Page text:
The day started out at eight in the morning. The weather was dreary and some light rain started falling. Even though the weather was bad at first the sun did come out and so did the birds. One of the first stops we made was the Broken Kettle Grasslands. This area has the largest prairie remnants in Iowa making for some interesting birding. We headed up a windy road that went up to the tops of the hills. On the hillside some dams were constructed to make small farm ponds. We found a Great Egret in no time as well as an assortment of the usual birds. We had a singing Swamp Sparrow in the cattails near the ponds which was a year bird for me. The songs of Field Sparrows could also be heard there on the scenic prairie. In some trees near the road we were surprised to find a Brown Creeper making it's way up a tree. Another year bird came in the form of an Eastern Towhee. There were a few of these in the brush on the hillside singing away. One bird we hoped to see was a Black-billed Magpie but there were none there. These are my largest nemesis state bird. I can never seem to find them there even though other people can. Below is a picture of the Black-billed Magpie habitat that is so prevalent there.On the way to a good magpie site we found a couple shorebirds on a pond including a Wilson's Snipe which was a year bird for both of us.On the way over to the magpie site we heard a Chipping Sparrow (yb). While looking for magpies we heard an Eastern Meadowlark, another year bird.
After we were done at the grasslands we headed to the Higman's Quarry in Westfield, IA and found some intersting birds there. On the way in we found a Loggerhead Shrikethat was hunting from the power lines near the road. He was a challenge to photograph as he kept flushing when we tried to get close enough for a nice picture.The best shot I could manage is below. A Savannah Sparrow was also seen on the way in.When we got into the quarry we didn't see much at first but did eventually find some ducks and four Eared Grebes (year bird) on the ponds there. We moved onward and found some more Eared Grebes which brought our total to 13 of them which is a good number for our area. More ducks were there but not much else so we moved on. We birded a little in some towns in the area but didn't see much. One pond we came across was productive however and had some shovelers and other waterfowl in it.We came across a good birding spot along the river. It was another sand and gravel quarry but the ponds there were bigger and deeper than those at the other one. We saw lots of bird when we got in there including Pied-billed Grebe (yb), Double-crested Cormorant (yb), Bald Eagle, and the more common birds. It appeared to have a lot of potential and we will be back there soon. We went back in a wooded area and flushed a Great Horned Owl there. Unbelievably we found more Eared Grebes putting us at 18 individuals for the day! An American White Pelican posed nicely for a picture at the quarry on the way out.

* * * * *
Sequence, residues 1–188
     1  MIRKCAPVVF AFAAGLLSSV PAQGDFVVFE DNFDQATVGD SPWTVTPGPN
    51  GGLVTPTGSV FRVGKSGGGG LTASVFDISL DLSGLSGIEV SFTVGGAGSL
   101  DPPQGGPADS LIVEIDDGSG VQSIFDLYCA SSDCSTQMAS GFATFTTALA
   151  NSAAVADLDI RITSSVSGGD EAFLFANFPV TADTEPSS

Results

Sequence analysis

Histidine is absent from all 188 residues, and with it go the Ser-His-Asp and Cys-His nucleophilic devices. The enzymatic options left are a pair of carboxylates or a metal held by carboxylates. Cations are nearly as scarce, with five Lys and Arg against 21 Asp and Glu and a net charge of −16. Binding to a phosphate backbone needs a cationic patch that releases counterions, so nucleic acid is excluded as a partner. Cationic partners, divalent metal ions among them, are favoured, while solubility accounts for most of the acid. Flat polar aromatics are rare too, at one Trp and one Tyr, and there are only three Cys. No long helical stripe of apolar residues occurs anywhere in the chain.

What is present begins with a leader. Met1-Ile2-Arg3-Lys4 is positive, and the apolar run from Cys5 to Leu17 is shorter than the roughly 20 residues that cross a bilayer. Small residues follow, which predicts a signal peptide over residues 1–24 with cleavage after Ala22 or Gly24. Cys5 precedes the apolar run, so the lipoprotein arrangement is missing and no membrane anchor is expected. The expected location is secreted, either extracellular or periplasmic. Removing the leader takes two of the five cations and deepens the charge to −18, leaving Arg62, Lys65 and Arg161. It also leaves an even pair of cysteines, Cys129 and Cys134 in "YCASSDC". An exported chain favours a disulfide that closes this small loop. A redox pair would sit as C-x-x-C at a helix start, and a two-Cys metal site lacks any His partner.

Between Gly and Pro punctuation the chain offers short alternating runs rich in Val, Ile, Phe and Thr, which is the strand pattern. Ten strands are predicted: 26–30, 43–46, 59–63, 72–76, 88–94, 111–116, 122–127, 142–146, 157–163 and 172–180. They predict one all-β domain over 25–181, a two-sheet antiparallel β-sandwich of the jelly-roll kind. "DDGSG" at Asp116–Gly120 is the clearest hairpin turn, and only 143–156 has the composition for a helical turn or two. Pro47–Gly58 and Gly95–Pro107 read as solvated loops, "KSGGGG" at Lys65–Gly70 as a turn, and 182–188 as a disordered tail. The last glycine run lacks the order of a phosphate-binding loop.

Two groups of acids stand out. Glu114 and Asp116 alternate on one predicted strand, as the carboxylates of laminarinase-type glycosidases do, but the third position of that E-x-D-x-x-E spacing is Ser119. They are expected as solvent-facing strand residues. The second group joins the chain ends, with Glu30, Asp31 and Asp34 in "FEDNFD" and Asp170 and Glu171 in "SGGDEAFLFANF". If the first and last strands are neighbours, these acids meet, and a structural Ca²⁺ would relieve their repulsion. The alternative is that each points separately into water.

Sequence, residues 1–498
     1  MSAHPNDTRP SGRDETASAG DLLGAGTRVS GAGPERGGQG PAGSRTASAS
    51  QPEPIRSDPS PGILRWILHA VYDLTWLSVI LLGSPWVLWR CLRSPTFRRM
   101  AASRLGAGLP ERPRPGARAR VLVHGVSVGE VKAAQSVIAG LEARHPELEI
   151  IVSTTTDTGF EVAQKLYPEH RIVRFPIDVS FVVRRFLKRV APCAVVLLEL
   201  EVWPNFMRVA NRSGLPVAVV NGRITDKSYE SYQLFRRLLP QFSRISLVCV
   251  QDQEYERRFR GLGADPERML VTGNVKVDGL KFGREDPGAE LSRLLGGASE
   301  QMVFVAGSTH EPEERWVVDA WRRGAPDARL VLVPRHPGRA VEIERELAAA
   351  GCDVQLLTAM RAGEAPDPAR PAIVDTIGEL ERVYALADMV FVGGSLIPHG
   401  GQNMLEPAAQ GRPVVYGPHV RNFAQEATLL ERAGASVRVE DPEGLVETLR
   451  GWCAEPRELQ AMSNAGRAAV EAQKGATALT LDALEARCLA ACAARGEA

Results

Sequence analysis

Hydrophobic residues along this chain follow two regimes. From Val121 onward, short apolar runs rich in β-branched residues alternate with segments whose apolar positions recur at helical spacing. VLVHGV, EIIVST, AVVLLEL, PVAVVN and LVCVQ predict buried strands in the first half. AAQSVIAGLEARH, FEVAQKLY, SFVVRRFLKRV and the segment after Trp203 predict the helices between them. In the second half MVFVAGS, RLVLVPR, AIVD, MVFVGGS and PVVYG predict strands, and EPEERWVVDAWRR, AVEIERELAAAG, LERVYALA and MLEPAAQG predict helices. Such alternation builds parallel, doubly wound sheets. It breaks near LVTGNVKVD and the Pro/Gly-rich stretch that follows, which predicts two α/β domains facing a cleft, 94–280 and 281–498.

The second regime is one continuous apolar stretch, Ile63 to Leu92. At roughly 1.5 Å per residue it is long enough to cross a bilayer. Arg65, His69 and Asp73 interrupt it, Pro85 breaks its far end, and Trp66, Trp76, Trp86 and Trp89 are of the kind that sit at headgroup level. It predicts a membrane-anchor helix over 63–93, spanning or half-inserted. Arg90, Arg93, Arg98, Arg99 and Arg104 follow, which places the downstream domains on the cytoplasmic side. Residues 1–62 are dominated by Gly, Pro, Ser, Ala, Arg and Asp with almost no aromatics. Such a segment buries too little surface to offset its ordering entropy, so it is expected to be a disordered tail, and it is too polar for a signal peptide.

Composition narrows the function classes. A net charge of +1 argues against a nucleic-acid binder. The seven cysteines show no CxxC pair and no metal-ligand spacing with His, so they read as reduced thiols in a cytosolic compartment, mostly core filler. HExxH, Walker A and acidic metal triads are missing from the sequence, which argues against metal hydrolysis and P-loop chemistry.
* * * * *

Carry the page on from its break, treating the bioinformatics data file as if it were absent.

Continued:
We headed further north but saw few birds but we kept going. We saw some year bird including Yellow-bellied Sapsucker and Vesper Sparrow but there was not much else besides the common birds. Of the few bird species we found far up north this pair of Wood Ducks were one of them.
The count for the day was 71 species with a number of year birds and a lot of fun!